I recently had a customer who was trying to figure out why his VACUUM-for-wraparound was taking so long–he had a 6TB database, and the VACUUM had been running for over 4 days. It’s unfortunate that there’s no progress meter when VACUUMs run (especially when autovacuum kicked off a VACUUM in the background), but with a little help from vmstat and strace, and some wrangling with simple Bash commands like ls and ps, we can infer the progress and activity going on while VACUUM is running.

The Basics

Without too much detail, it’s important to know that a VACUUM in PostgreSQL consists of 3 phases:

  1. Ingest Phase – Dead tuples are read into maintenance_work_mem. If maintenance_work_mem is exhausted, the VACUUM proceeds with the next two phases, then comes back to this phase and picks up where it left off.
  2. Pruning Phase – Index entries pointing to dead tuples are removed.
  3. Cleanup Phase – Actual line pointers between item pointers and tuples in a data page are removed

If you think about a VACUUM in these terms, we can infer some behavioral patterns for each phase. Moreover, depending on which phase a VACUUM is in, getting impatient and hitting Ctrl-C may be counter-productive and somewhat risky.

Tracking the VACUUM

When trying to figure out what a VACUUM is doing at the moment, it’s very important to have the process ID of the psql session or vacuumdb process. You can easily get that with:

[root@server1 /]# ps aux | grep -v grep | grep -v "autovacuum launcher process" | grep -i vacuum
enterprisedb      14404  1.8 12.3 800152 253116 ?       Rs   00:20   0:01 postgres: enterprisedb edb [local] VACUUM        

In this example, the VACUUM command is being run by a psql session with PID 14404. Keep this PID in handy so that you can figure out which files are being touched by this process.

Deciphering the Data

Note that Phase 1 (the Ingest Phase) is all about reading data into memory. It’s a scan of each file related to a table (if the on-disk footprint is greater than 1GB, a file gets split up into 1GB segments). As such, if you’re watching vmstat, you’ll probably see a fair amount of activity in the bo column of the io section–you may also see some iowait (the wa column under the cpu section). The cache column of the memory section should steadily increase up to the point of your maintenance_work_mem setting (plus whatever was in the cache prior to starting the VACUUM process). The free column of the memory section should steadily decrease as well.

Once all a table’s dead tuples are read into memory (or when maintenance_work_mem gets exhausted), the VACUUM process moves on to Phase 2 (the Pruning Phase). Here, you’ll see write activity against an index’s file(s). You should see some activity in bi of the io column as this is happening. To determine that it’s disk activity on an index, you’ll need to perform a brief strace against the processID of the VACUUM session. You’ll also need a mapping of indexes to tables, which you can get with the following query:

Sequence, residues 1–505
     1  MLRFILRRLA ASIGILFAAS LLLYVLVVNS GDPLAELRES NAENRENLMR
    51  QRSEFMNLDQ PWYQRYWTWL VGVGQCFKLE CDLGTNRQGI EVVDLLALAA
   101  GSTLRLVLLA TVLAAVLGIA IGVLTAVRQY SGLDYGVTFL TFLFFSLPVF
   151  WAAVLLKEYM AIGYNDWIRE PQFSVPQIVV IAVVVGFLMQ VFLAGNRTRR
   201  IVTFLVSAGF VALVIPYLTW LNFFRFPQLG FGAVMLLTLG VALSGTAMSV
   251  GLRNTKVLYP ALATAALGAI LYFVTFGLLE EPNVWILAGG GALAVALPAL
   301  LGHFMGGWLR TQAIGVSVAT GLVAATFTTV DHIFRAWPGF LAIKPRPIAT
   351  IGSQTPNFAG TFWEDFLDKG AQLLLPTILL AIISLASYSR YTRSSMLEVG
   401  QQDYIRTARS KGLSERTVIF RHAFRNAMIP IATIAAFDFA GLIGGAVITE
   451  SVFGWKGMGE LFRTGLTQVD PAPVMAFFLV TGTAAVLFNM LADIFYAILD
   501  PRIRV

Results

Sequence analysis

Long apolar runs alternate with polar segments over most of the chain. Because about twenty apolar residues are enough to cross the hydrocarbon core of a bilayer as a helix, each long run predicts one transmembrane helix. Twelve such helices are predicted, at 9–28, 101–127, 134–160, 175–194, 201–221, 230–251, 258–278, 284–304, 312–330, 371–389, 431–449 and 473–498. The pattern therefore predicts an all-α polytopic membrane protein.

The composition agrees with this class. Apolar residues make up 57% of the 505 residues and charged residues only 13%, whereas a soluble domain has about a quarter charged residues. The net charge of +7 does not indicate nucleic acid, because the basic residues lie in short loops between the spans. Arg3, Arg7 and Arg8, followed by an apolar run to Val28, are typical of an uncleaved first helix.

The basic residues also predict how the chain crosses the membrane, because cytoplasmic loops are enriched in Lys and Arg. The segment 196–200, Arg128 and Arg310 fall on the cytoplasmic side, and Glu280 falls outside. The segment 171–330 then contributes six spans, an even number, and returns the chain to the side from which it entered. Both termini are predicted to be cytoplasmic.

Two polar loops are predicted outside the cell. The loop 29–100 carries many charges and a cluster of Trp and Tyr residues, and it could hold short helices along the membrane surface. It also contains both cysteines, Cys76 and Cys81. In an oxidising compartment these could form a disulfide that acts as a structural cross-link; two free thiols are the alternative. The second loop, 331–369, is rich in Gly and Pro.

SELECT c.relname table_name, c.relfilenode table_file_basename, i.relname index_name, i.relfilenode index_file_basename
FROM pg_stat_user_indexes m
JOIN pg_class c ON m.relid=c.oid
JOIN pg_class i ON m.indexrelid = i.oid;

Note: this does not map to TOAST tables and their indexes (this is left as an exercise for the reader).

Once you’ve got a sampling of strace output, you can proceed to figure out which by mapping the file descriptor in strace to the file linked in /proc/<vacuum_processID>. The file it’s pointing to–if it’s an index, you’re on Phase 2.

[root@server /]# strace -p 14404
Process 14404 attached
write(515, "\0\0\0\0\0\0\0\0\0\0\0\0\0\0\0\0\0\0\0\0\0\0\0\0\0\0\0\0\0\0\0\0"..., 8192) = 8192
lseek(515, 0, SEEK_END)                 = 1458176
write(515, "\0\0\0\0\0\0\0\0\0\0\0\0\0\0\0\0\0\0\0\0\0\0\0\0\0\0\0\0\0\0\0\0"..., 8192) = 8192
lseek(515, 0, SEEK_END)                 = 1466368
write(515, "\0\0\0\0\0\0\0\0\0\0\0\0\0\0\0\0\0\0\0\0\0\0\0\0\0\0\0\0\0\0\0\0"..., 8192) = 8192
write(508, "\0\0\0\0x#T\34\0\0\0\0\220\0\300\0\0 \4 \0\0\0\0\340\2358\4`\235\376\0"..., 8192) = 8192

In the above strace example, 515 and 508 are file descriptors. Do ls -l /proc/14404/ | grep 515 and ls -l /proc/14404/ | grep 508 to see which files are actually being accessed.

When a VACUUM is done with Phase 2, it moves on to Phase 3 (the Cleanup Phase), where it cuts the links between items and tuples on a disk page. If you don’t recall what a disk page looks like, an image is provided below. Note the red lines–Phase 3 removes the red lines and pink boxes (only if they’re marked as dead), and updates the green box to point to an available yellow box.

PostgreSQL Disk Page

Phase 3 is the most significant part of the VACUUM process, and actually completes the work of freeing up space. It’s imperative not to abort this phase (and it’s probably not good to abort Phase 2 either), as you’ll have to re-do a lot of the legwork accomplished in the earlier phases.

To see if you’re on Phase 3, you’ll see a lot of write activity in vmstat. On a server with nothing else running besides Postgres, you should see high numbers in the bi column, and nearly zero in the bo column of the io section. Once Phase 3 is done, VACUUM will move on to the next table (or continue on the current table if Phase 1 filled up maintenance_work_mem). Once all tables are VACUUMed, the VACUUM process is done.


That’s about it, in a nutshell. Note that this is all that happens for a regular VACUUM. A VACUUM ANALYZE will perform an ANALYZE after each table is done getting VACUUMed. Also, for a VACUUM FULL, the behavior is slightly different, since the indexes get discarded, and the entire file gets re-written in a new location. Perhaps those details may be explained in a future post.


  1. PostgreSQL Internals Through Pictures - Presentation on PostgreSQL internals by Bruce Momjian